Kerry & Kenyon are very fun people, and aside from promoting Healthy & Local, Family Farm Day is a bit of a circus atmosphere, with games, activities, prizes and food sampling. The most popular by far is the Corn Toss, where contestants throw whole ears of corn and try to land them in bushel baskets. Inside each basket is a label (actually a paper plate) that indicates the prize you’ve won (if any; last year Kenyon labeled one “Loser”. It was funny, and most folks got prizes anyway).

This is the day you’re encouraged to play with your food! For youngsters (and wanna be youngsters), there’s the Vegetable Art Table. Most popular this year was the construction of Zucchini Cars, closely followed by creation of Vegetable People.

Of course food is a big part of Family Farm Day. There were tastings and samplings, and even the Pampered Chef representative on hand. The peach salsa was a big hit, and everyone got corn on a stick.

Carrying contests were arranged, whereby the contestant needed to carry as much as possible. First there was the Pickle Carry (pre-pickled cucumbers to be exact). The winner managed to carry 64 pickles over the course. Not bad for six-year-old arms!

The Corn Carry was a different matter, and attracted older attendees (like teenagers). We didn’t count the number of ears carried, we were too busy laughing at the contestants!

Surrounded by beautiful flowers, fresh vegetables and lots of friends and family, what could be a better way to spend a day?

Check with your Farm Bureau or Cooperative Extension to see if your county has a Family Farm Day! We’re already looking forward to next year!

Take care, and keep in touch.

 

Paz

Pancake Season

Breakfast Time

Breakfast Time

I live in upstate New York, and we’re surrounded by sap houses. Those are the places where Maple sap is boiled down to that best-of-nature treat, Maple Syrup.

Maple syrup is made from the sap of the Sugar Maple, a tree which grows throughout the northeast United States and eastern Canada. Virtually all of the Maple syrup comes from this area.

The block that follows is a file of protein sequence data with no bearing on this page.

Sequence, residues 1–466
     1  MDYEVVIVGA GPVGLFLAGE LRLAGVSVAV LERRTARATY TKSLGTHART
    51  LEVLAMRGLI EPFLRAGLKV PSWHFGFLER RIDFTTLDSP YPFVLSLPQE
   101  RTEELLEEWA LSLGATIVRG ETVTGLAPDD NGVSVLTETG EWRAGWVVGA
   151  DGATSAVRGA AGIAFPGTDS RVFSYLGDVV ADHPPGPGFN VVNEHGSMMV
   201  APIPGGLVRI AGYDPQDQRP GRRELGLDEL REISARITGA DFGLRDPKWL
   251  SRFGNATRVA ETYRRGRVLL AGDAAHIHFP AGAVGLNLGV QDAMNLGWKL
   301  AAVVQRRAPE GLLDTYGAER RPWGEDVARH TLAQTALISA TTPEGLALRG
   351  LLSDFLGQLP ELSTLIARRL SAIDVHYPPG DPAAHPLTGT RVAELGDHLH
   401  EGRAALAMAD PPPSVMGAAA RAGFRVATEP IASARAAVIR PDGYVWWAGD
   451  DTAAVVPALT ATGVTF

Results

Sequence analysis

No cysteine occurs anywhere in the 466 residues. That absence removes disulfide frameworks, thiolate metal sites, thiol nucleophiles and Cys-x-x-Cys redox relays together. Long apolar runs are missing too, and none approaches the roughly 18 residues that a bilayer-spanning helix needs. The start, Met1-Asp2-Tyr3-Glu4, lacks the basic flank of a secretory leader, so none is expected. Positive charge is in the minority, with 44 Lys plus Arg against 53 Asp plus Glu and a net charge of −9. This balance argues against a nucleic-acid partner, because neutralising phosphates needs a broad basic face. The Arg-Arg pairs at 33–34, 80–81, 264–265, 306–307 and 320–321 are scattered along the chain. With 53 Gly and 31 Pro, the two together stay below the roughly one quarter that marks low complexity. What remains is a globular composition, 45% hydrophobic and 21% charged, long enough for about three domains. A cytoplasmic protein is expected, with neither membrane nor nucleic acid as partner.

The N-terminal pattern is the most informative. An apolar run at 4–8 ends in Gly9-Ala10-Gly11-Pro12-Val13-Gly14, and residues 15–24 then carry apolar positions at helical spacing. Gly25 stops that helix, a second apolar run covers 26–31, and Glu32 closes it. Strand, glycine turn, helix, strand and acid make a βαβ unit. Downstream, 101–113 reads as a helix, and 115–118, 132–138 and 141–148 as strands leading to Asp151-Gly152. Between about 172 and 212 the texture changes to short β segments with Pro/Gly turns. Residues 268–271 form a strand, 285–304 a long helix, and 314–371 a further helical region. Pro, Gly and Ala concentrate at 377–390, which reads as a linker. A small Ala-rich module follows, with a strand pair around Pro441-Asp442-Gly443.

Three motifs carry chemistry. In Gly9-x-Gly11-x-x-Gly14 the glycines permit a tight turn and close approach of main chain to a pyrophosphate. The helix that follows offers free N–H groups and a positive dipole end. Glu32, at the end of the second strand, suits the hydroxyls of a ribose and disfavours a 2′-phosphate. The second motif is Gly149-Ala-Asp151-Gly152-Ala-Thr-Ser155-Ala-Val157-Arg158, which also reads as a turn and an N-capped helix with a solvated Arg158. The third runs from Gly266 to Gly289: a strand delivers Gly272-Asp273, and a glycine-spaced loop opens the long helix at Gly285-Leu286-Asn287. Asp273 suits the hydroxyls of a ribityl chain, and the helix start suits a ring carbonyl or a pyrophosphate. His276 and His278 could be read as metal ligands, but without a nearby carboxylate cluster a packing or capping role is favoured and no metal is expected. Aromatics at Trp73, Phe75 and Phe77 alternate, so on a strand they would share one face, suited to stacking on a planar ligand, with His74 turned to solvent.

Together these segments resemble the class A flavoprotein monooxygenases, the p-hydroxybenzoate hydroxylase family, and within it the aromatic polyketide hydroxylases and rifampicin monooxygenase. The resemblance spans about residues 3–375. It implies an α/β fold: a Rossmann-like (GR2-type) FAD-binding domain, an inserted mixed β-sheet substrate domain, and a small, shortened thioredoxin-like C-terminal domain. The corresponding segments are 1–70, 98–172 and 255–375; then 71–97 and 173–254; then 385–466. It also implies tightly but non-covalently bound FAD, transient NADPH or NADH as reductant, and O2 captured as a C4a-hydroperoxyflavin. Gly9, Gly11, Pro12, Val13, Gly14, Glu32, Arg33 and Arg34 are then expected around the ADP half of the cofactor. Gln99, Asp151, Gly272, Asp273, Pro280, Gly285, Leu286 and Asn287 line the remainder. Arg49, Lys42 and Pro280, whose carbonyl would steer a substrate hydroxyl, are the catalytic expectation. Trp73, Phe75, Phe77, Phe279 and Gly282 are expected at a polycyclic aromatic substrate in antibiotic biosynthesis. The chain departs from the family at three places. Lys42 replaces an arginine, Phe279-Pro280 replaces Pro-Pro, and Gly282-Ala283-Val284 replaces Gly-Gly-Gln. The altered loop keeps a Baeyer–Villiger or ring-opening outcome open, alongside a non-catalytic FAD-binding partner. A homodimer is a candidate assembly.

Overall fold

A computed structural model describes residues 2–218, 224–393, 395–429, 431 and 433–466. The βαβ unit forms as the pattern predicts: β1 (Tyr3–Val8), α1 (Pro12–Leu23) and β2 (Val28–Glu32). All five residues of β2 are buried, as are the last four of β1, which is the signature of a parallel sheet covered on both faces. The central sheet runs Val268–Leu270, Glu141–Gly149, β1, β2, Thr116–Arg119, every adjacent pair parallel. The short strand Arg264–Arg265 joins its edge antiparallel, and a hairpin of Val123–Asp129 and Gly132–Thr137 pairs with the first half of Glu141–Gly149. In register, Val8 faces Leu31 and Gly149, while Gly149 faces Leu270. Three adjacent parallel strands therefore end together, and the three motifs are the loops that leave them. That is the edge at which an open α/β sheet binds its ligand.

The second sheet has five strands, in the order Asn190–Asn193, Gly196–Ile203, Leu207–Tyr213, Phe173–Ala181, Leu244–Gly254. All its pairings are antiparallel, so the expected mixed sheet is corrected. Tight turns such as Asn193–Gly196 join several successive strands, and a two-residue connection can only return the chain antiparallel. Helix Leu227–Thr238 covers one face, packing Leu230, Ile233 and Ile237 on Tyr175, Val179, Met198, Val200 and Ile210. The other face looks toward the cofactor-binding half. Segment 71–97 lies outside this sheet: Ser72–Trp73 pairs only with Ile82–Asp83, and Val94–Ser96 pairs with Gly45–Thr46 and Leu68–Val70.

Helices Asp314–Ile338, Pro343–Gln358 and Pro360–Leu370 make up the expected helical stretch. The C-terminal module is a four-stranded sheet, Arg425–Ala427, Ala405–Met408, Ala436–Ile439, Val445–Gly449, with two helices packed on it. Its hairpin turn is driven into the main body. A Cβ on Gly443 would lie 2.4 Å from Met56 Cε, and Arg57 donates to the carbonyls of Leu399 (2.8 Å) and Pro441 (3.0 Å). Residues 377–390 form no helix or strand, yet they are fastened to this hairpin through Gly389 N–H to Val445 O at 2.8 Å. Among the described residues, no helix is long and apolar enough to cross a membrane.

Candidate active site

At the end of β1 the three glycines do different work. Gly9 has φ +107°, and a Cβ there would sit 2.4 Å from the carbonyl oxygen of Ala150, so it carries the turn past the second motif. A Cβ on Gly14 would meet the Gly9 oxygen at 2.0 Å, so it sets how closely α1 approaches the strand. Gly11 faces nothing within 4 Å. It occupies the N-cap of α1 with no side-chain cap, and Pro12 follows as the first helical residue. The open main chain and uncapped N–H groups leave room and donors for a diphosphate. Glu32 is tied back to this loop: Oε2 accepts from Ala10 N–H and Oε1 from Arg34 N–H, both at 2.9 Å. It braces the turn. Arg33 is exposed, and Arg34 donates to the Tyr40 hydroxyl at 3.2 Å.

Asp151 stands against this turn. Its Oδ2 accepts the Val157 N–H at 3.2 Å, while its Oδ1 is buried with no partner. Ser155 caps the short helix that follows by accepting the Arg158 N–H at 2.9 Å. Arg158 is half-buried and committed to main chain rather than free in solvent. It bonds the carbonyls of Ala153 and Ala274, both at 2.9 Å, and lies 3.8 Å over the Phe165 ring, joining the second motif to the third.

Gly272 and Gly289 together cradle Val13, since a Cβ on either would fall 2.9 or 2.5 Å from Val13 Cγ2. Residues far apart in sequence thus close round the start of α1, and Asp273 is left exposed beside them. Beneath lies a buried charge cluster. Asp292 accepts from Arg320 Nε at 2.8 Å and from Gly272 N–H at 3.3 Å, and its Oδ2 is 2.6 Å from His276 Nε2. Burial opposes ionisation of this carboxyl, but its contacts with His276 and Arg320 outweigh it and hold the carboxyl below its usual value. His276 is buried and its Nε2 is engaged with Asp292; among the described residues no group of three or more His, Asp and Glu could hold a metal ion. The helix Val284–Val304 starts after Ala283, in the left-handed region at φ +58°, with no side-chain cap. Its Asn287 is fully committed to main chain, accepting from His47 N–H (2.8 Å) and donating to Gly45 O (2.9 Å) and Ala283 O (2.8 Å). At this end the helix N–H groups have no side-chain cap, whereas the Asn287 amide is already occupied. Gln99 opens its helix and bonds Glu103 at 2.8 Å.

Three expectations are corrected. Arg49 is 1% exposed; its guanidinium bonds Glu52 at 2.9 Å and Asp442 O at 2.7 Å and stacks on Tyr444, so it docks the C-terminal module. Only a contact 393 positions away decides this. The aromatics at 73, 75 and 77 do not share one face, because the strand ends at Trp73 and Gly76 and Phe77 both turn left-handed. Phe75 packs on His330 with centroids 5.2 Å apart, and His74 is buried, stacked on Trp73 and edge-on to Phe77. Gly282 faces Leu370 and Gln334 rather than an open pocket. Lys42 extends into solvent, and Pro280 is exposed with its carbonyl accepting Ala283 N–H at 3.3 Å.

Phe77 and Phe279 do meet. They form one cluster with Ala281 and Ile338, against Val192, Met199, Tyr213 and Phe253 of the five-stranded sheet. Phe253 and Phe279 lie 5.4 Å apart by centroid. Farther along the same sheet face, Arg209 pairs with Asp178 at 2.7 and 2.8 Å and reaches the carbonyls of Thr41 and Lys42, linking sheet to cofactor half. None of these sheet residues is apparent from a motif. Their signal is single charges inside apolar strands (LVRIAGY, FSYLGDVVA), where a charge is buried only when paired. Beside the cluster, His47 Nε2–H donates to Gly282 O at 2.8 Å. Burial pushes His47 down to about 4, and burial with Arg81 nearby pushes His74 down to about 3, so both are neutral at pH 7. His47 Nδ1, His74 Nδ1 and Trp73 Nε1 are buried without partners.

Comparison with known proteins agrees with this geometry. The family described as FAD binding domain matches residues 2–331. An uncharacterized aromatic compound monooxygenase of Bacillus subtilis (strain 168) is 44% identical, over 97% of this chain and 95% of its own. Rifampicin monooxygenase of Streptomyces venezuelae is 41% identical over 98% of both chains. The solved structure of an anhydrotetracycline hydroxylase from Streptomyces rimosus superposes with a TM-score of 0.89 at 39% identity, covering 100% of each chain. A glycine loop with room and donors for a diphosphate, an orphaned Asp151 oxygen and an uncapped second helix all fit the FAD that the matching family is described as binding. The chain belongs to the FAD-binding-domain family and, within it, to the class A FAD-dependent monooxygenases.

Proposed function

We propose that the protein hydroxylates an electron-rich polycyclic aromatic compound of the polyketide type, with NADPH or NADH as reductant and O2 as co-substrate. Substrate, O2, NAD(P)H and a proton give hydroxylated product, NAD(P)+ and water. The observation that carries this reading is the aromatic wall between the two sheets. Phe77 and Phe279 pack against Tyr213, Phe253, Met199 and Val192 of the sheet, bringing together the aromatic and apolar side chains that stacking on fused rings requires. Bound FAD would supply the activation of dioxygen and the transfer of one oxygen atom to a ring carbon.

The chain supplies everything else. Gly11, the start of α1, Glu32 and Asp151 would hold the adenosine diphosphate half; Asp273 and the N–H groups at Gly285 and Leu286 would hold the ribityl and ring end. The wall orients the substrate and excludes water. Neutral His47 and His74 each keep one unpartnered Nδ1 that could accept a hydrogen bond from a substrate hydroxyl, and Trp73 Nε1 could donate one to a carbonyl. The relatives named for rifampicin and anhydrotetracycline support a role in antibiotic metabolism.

So I don’t know if folks do this elsewhere, but around here spring means Pancake Breakfasts at the firehouse. Why? I’m not sure where the tradition started, but it’s a tasty one.

The Pancake Breakfast is an event, a meal, a community gathering and a great fundraiser for volunteer fire departments.

The Ames Firehouse

The Ames Firehouse

There are a lot of small communities around, and the Pancake Breakfast is the event that brings them up the hill from Canajoharie and down the hill from Sharon, west from Sprakers and east from Salt Springville.  It’s kind of like the spring cotillion for all the villages.

Everyone Turns Out

Everyone Turns Out

So we stand in line with all the other folks that braved the February weather to get to the firehouse at 8:30 and get tickets. The line snakes around stanchions strung with yellow plastic link chains. We wait patiently with our tickets in hand, as a volunteer looks for groups to fill tables.

“A three? Anyone with a party of three?” and the lucky winners are whisked away into the dining room (which is also the meeting room and the all-event room for the firehouse).

Volunteers, with their Fire Company shirts and STAFF emblazoned on their backs become line cooks, servers, bus boys,  and waitresses as what seems like the entire town cycles through the annual feeding frenzy.

Firehouse garage

Firehouse garage

Patiently Waiting

Patiently Waiting

The meal is served family style. We sit at a table for twelve, the three of us seated with total strangers. No wait, they’re strangers, but not total strangers. We may not know their names and homes but we know they are “of us”. They live in our towns and plant the corn that feeds the cows that produce the milk that feeds the children.